Submission + - New Robots Hunt Pirates by Sea, Traffic by Land (

mattnyc99 writes: Two interesting first-looks over at's "Robot Week": a lengthy preview of this weekend's DARPA Urban Challenge, which unlike in past years will put self-driving vehicles through a world of parked cars, three-point turns and oncoming traffic; and a peek into the growing world of high-tech piracy on the open seas, which the U.S. Navy and Coast Guard are looking to cut off by investing in a new fleet of superfast, gun-mounted unmanned surface vessels (USVs). From the article: "The Interceptor is available now. But the USV market is just getting started: Two months ago, British defense firm Qinetiq debuted its own robotic vessel, the jetski-size Sentry. Among its potential duties is intruder investigation, which could include scouting out unidentified boats, along the lines of the raft that detonated alongside the USS Cole in Yemen, as well as offering a first look at a possible pirate-controlled vessel."

Submission + - Brains hard wired for math

mcgrew (sm62704) writes: "New Scientist is reporting that "non-human primates really can understand the meaning of numerals."

The small study of two rhesus monkeys reveals that cells in their brains respond selectively to specific number values — regardless of whether the amount is represented by dots on a screen or an Arabic numeral.

For example, a given brain cell in the monkey will respond to the number three, but not the number one. The results suggest that individual cells in human brains might also have a fine-tuned preference for specific numerical values.
The report itself is online at PLoS Biology, Semantic Associations between Signs and Numerical Categories in the Prefrontal Cortex."

Submission + - One-third of employees violate company IT policies (

BaCa writes: A national survey of U.S. white-collar workers commissioned by the nonprofit, independent organization ISACA has found that more than one-third (35%) of employees have violated their company's IT policies at least once and that nearly one-sixth (15%) of employees have used peer-to-peer file sharing at least once at their place of business, opening the door to security breaches and placing sensitive business and personal information at risk.

Submission + - How to take a vacation as a one man IT dept? 2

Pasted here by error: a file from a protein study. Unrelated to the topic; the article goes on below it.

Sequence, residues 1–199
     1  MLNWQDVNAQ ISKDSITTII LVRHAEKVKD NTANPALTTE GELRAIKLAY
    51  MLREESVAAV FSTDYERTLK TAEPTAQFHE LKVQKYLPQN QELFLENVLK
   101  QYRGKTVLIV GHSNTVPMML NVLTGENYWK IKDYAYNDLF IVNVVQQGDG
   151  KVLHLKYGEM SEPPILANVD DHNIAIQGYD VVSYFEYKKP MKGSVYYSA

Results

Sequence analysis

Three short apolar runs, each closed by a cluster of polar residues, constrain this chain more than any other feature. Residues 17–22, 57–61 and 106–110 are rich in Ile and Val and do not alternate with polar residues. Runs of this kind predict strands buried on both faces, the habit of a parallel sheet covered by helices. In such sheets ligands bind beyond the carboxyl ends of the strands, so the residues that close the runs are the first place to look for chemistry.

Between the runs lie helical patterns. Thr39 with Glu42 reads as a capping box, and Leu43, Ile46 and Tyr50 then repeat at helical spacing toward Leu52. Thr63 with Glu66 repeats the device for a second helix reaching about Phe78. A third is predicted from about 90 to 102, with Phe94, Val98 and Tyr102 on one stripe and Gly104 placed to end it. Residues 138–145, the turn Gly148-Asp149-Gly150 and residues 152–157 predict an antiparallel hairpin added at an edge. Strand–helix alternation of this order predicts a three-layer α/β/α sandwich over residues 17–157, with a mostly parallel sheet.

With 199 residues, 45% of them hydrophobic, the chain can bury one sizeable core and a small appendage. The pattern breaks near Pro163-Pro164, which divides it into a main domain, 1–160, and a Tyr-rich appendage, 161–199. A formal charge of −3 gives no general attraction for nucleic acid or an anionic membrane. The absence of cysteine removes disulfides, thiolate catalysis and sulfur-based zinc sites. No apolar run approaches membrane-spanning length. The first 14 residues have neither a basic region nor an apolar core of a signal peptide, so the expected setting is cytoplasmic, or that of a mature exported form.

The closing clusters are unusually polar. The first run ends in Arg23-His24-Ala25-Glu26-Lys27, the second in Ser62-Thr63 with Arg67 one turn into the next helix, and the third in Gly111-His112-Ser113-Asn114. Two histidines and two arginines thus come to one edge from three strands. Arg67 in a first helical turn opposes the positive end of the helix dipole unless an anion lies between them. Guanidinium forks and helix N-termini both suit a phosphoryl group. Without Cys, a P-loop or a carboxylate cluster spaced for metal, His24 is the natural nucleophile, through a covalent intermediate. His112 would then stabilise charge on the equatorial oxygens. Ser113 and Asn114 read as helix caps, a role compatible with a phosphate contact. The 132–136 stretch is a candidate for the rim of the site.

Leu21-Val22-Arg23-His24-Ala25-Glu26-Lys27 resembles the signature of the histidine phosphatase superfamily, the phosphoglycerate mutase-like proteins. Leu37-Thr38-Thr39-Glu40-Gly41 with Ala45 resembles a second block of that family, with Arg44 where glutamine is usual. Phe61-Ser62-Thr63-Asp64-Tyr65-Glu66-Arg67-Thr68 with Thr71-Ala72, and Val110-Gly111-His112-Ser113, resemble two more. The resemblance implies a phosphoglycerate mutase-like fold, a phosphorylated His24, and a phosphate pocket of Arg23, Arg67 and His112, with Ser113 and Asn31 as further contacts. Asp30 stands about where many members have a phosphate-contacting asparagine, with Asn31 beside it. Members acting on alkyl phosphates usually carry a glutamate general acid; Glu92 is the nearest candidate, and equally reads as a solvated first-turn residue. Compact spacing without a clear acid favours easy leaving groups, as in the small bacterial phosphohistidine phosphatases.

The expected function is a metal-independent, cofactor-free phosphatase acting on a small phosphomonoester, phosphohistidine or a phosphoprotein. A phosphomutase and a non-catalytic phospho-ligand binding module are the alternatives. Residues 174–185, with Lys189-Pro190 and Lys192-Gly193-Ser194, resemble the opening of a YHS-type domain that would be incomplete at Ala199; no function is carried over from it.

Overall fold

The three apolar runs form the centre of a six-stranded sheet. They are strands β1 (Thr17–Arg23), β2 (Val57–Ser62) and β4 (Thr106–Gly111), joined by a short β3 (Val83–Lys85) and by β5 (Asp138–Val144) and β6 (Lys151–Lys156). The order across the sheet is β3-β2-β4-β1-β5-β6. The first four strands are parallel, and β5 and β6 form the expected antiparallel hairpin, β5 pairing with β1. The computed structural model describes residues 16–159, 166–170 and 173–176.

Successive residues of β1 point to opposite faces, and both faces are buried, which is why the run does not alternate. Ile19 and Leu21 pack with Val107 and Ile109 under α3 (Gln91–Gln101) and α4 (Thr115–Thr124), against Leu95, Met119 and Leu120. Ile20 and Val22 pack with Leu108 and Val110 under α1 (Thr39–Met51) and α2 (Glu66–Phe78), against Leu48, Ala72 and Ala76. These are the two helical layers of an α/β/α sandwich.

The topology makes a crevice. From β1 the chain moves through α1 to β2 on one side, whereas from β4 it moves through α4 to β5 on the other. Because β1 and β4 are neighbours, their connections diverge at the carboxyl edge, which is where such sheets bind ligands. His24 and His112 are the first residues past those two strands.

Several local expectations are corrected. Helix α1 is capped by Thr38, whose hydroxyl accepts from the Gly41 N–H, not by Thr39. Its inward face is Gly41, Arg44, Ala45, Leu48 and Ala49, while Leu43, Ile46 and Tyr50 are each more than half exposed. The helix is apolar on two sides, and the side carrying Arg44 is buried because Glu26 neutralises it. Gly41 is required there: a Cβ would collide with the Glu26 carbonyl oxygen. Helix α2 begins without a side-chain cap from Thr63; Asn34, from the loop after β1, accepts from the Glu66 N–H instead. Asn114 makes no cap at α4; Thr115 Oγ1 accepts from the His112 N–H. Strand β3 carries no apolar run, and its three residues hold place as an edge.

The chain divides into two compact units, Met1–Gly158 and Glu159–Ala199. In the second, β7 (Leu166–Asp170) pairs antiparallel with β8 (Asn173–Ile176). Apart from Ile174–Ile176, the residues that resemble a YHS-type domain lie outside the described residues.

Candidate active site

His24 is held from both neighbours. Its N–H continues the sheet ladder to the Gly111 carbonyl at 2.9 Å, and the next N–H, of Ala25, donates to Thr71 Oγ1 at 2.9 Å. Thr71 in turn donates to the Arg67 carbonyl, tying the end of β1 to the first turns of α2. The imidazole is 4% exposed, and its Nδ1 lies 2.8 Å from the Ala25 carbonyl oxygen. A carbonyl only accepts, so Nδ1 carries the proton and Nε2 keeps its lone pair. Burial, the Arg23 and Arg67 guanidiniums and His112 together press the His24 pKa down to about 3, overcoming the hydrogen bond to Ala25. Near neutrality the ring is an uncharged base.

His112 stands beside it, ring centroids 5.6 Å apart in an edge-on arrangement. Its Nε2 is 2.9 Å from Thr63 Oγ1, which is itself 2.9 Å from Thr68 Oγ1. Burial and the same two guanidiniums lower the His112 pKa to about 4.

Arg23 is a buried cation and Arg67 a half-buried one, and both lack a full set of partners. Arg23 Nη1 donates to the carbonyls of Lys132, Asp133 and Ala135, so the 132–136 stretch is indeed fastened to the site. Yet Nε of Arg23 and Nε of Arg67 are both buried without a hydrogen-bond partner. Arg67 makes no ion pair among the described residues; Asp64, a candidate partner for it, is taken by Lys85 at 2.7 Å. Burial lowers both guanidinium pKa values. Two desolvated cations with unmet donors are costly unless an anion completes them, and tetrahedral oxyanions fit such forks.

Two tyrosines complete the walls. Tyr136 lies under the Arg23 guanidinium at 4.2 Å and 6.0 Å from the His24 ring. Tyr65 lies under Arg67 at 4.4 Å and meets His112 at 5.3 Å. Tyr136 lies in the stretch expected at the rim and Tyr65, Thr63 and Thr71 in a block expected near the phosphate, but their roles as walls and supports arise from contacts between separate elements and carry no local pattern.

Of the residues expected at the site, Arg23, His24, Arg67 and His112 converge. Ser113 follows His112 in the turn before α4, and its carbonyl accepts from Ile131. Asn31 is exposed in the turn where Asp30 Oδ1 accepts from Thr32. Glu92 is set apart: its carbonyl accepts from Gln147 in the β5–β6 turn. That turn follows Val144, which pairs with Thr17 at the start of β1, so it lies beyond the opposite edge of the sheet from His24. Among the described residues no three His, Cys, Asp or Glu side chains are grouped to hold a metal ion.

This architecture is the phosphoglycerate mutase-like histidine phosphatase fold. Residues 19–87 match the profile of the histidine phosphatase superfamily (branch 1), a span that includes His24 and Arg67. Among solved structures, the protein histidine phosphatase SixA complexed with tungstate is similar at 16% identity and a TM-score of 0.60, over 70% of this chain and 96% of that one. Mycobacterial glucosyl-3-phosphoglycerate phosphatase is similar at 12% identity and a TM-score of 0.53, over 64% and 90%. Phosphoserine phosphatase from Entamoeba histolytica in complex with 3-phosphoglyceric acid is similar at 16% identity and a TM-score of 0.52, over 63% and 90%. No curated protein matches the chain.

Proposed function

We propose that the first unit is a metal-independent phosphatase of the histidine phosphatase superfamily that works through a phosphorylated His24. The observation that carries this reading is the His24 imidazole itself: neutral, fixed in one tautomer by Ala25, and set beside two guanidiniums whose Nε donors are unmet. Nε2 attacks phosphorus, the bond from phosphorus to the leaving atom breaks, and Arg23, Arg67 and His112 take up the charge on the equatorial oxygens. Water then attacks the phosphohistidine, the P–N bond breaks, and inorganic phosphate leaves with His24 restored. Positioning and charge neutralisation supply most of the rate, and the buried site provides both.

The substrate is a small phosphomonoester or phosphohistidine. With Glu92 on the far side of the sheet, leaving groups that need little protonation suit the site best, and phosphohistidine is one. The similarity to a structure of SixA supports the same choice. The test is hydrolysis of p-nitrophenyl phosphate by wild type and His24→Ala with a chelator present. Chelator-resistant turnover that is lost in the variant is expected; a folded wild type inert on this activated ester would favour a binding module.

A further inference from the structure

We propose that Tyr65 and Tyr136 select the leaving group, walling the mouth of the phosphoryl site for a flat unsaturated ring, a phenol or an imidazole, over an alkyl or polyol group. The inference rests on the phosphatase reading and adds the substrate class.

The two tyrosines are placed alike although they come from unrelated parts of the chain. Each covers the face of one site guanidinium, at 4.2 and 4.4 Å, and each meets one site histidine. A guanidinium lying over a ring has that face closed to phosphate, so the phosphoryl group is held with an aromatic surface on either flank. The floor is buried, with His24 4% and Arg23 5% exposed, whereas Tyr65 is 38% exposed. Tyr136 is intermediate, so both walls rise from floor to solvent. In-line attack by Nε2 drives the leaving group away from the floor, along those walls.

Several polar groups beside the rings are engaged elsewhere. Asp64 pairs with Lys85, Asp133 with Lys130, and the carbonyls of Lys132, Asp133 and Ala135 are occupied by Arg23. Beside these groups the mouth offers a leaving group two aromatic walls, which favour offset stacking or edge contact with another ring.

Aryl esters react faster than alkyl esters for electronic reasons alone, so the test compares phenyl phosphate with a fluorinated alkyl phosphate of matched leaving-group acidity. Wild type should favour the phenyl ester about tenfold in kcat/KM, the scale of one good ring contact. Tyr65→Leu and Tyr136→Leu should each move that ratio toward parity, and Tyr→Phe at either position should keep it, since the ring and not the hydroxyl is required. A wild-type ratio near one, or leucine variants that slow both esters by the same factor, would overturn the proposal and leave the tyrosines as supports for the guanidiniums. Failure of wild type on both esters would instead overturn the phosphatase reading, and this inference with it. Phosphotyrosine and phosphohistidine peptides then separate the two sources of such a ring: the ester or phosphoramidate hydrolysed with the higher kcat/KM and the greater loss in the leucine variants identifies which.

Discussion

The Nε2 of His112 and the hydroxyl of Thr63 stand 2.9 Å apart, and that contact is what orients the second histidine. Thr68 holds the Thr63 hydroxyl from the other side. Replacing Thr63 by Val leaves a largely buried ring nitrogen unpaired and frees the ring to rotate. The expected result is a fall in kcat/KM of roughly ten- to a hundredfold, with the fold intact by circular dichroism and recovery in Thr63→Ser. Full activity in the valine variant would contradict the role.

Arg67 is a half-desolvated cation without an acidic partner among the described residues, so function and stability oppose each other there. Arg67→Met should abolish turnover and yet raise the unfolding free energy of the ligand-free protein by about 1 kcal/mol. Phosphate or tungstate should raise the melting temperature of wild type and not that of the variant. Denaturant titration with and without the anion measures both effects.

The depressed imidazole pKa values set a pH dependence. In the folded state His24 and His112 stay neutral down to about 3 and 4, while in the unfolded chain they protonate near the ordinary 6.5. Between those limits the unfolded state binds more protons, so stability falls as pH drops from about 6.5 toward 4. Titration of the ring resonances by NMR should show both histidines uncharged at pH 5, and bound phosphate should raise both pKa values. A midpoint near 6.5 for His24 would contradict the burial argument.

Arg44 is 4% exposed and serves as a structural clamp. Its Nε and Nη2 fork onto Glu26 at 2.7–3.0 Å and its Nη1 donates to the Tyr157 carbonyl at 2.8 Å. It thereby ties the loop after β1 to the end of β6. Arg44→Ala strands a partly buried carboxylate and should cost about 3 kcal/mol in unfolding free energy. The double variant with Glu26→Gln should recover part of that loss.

wgoodman writes: I work at a small company as the sole geek. It's been a few years now and I'm forced to actually use some of the vacation time that I've built up otherwise I lose it. Since I'll be gone for a few weeks with no cell phone and only intermittent internet access not to mention nearly constant drunkenness, what precautions and steps to avoid things going south in my absence do you recommend? I've scripted as much as i can of the day to day stuff, got a lackey to swap backup tapes, and given my boss contact info on the equipment that we have support contracts with. What am I forgetting?
Technology (Apple)

Submission + - Apple Sends 3rd Grader Cease And Desist Letter (

Arguendo writes: Apparently Apple needs to stop sending its fan mail to the legal department: "Like any nine-year-old, Shea O'Gorman spends a lot of time listening to her iPod Nano. So much so, that when her third grade class started learning about writing letters she thought, who better to write to than the man whose company makes her iPod." So she wrote Apple a letter, and Apple responded by telling her to stop sending ideas and, if you want to know why, take a look at our legal policy on our web site. Nice.

Submission + - Google Phone is Coming !

An anonymous reader writes: Google Inc has invested hundreds of millions of dollars in its cell phone project and is courting U.S. and European mobile operators, The Wall Street Journal reported on Thursday. Anian, a Reuters company that tracks industry trends for institutional investors, reported last month that Google had engaged Taiwan's High Tech Computer Corp to design a Linux software-based Googlephone for launch in the first quarter of 2008.